When Tesco launched its new business values and corporate responsibility strategy We use our scale for good in May 2013, it also outlined three core ambitions central to this goal. One of these was to lead in reducing food waste globally.
As a sign of its commitment to this ambition, Tesco conducted substantial stakeholder research from which it became clear that a key way the supermarket could lead in this area was to develop and share its own data on levels of food waste.
Thus, five months after outlining its ambition, Tesco became the first retailer in the UK to publish independently assured food waste data from its own operations. This analysis revealed that 28,500 tonnes of food had been wasted in the stores and distribution centres of Tesco – the world’s third largest retailer – in the first six months of the year.
It also highlighted ‘farm to fork’ waste profiles for 25 of its most popular products, such as apples and bread. In doing so, the supermarket group was able to clearly identify areas where avoidable waste occurred in the supply chain, and to develop bespoke action plans to tackle these.
For example, it unveiled plans to end multi-buy offers on large bags of salads – 68 per cent of bagged salads are thrown away – and also to introduce more accurate IT systems for ordering and planning bakery products. Four in ten apples are wasted – of which customers account for just one – so Tesco is working with growers to develop ways to reduce pests and disease.
The findings coupled with action plans, which were presented as infographics, were reported in the interim Tesco and Society update to shareholders in October 2013.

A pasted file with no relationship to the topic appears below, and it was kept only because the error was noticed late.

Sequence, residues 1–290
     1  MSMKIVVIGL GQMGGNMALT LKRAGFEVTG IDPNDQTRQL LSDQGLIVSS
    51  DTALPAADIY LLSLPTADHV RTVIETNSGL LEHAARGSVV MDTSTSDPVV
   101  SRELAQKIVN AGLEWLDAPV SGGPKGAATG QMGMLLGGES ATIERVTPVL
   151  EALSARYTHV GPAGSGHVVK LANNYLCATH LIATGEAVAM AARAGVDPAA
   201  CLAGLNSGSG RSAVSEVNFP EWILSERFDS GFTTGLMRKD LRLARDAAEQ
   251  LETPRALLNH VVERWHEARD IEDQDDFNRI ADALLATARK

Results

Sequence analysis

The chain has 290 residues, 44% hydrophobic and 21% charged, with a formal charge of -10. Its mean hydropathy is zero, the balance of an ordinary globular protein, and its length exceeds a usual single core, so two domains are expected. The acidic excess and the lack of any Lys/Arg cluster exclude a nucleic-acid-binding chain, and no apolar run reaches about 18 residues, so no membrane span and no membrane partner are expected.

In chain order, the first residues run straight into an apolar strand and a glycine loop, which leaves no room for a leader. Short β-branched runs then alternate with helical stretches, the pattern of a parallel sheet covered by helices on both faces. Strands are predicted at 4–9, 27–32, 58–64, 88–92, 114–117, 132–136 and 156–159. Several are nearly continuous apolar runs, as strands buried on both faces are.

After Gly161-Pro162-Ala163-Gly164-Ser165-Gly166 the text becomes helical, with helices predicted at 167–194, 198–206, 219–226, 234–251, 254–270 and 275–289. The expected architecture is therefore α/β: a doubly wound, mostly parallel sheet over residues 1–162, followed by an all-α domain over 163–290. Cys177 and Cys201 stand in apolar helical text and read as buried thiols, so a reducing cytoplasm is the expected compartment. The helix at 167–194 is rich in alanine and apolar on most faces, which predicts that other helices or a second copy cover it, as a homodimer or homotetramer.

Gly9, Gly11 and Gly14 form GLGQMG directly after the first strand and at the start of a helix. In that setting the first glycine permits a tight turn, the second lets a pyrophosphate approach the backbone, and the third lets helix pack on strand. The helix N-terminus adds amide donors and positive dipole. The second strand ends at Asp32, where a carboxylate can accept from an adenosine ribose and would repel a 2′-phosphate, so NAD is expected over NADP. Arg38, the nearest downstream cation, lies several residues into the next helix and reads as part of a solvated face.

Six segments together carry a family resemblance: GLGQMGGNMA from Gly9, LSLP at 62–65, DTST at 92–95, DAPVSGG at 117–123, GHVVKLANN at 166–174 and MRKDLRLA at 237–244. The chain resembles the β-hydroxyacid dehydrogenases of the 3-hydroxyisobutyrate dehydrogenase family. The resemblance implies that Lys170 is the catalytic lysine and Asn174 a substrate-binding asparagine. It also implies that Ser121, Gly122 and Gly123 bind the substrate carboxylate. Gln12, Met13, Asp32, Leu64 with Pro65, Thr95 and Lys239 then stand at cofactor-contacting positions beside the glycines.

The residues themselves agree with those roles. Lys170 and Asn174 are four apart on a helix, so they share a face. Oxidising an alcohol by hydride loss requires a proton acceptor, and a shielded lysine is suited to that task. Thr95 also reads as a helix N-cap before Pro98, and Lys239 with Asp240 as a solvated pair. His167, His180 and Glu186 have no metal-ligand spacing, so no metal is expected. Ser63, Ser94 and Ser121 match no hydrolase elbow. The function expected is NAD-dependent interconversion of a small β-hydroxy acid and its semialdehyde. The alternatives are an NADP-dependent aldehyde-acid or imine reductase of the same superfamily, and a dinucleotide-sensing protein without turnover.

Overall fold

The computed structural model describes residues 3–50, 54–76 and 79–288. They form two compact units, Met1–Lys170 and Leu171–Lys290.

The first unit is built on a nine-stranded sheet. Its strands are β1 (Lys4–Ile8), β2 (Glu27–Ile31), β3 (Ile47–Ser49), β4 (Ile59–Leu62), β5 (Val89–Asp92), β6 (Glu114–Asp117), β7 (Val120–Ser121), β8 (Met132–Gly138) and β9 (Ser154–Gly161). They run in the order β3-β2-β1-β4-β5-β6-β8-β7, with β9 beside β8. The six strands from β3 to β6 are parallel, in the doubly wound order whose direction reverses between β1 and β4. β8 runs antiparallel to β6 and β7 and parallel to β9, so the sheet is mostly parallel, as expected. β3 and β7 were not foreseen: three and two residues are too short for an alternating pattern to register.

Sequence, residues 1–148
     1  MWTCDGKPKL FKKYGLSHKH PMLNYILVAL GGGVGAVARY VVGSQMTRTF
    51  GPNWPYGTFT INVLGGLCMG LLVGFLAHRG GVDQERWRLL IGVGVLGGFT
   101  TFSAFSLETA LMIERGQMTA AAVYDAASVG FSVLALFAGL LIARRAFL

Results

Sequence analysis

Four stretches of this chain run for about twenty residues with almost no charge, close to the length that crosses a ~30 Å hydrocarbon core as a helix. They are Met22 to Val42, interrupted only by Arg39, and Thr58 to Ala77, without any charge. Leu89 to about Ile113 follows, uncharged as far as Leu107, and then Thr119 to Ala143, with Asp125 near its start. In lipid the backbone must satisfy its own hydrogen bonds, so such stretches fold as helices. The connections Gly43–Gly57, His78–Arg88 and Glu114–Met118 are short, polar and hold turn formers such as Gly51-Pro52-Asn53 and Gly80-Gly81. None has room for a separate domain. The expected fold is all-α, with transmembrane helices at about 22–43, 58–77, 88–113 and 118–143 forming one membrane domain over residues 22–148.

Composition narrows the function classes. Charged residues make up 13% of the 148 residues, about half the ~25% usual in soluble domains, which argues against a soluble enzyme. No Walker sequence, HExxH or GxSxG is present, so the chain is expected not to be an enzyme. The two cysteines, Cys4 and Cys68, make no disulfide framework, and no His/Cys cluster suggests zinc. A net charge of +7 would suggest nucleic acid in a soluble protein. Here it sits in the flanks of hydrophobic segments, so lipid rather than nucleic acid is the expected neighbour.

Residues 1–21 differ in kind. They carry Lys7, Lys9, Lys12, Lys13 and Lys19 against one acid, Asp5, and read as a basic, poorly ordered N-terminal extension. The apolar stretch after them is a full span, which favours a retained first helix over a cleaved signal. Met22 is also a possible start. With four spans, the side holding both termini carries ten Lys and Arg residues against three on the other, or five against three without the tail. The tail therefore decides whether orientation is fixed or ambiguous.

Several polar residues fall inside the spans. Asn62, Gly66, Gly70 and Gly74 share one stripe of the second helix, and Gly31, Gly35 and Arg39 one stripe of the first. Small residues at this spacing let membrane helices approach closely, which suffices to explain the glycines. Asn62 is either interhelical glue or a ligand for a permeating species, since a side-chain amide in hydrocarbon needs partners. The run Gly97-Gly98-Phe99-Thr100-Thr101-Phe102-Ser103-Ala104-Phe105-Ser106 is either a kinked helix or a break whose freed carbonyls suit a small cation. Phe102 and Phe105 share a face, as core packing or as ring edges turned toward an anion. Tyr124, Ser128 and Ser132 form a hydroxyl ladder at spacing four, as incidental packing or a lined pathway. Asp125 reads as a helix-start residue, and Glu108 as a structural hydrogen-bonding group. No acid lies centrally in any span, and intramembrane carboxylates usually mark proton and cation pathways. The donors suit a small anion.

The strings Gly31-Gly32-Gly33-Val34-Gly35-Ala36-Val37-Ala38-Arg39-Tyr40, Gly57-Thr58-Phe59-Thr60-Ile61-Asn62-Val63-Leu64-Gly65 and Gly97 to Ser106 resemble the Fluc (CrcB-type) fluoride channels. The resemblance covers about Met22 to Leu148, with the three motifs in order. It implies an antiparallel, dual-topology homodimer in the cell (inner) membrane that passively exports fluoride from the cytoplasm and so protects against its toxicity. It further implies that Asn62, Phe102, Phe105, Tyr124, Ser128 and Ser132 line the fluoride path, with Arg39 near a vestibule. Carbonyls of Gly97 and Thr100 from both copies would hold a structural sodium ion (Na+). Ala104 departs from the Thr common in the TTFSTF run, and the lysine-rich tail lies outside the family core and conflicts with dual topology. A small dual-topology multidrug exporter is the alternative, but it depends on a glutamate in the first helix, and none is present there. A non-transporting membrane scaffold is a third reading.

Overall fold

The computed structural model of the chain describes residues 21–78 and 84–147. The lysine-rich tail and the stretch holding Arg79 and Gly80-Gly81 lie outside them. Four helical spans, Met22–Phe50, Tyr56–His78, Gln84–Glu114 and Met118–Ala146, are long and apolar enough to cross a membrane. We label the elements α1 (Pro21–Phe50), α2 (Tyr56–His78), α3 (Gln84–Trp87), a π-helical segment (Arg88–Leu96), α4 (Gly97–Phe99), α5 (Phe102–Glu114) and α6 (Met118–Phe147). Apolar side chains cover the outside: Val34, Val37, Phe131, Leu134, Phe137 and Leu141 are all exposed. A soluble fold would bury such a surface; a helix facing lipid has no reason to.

The analysis was widely reported, including a front page article in The Daily Mail, but while initially the articles focussed on the volumes of waste at Tesco, the story soon turned into a major debate about the issue. Leading experts, including Waste Resources Action Programme (WRAP), which revealed that food waste currently costs the average family £700 every year, joined the discussion, moving it from being solely a Tesco issue to an issue for the retail industry in general.
While Tesco is currently the only UK retailer to publish externally its food waste data, other retailers have pledged to work with the British Retail Consortium and publish independently assured data in the future. Tesco has also since facilitated round-table discussions with industry experts in the hope of finding a solution to the issue.
As a result of taking this step, and Tesco’s high profile campaign to raise awareness of this issue, WRAP now claims that 65 per cent of customers are now conscious of food waste, against just 35 per cent prior to the report.
‘This was a campaign that I thought at the time was brave,’ said the judges. ‘It absolutely stood out.’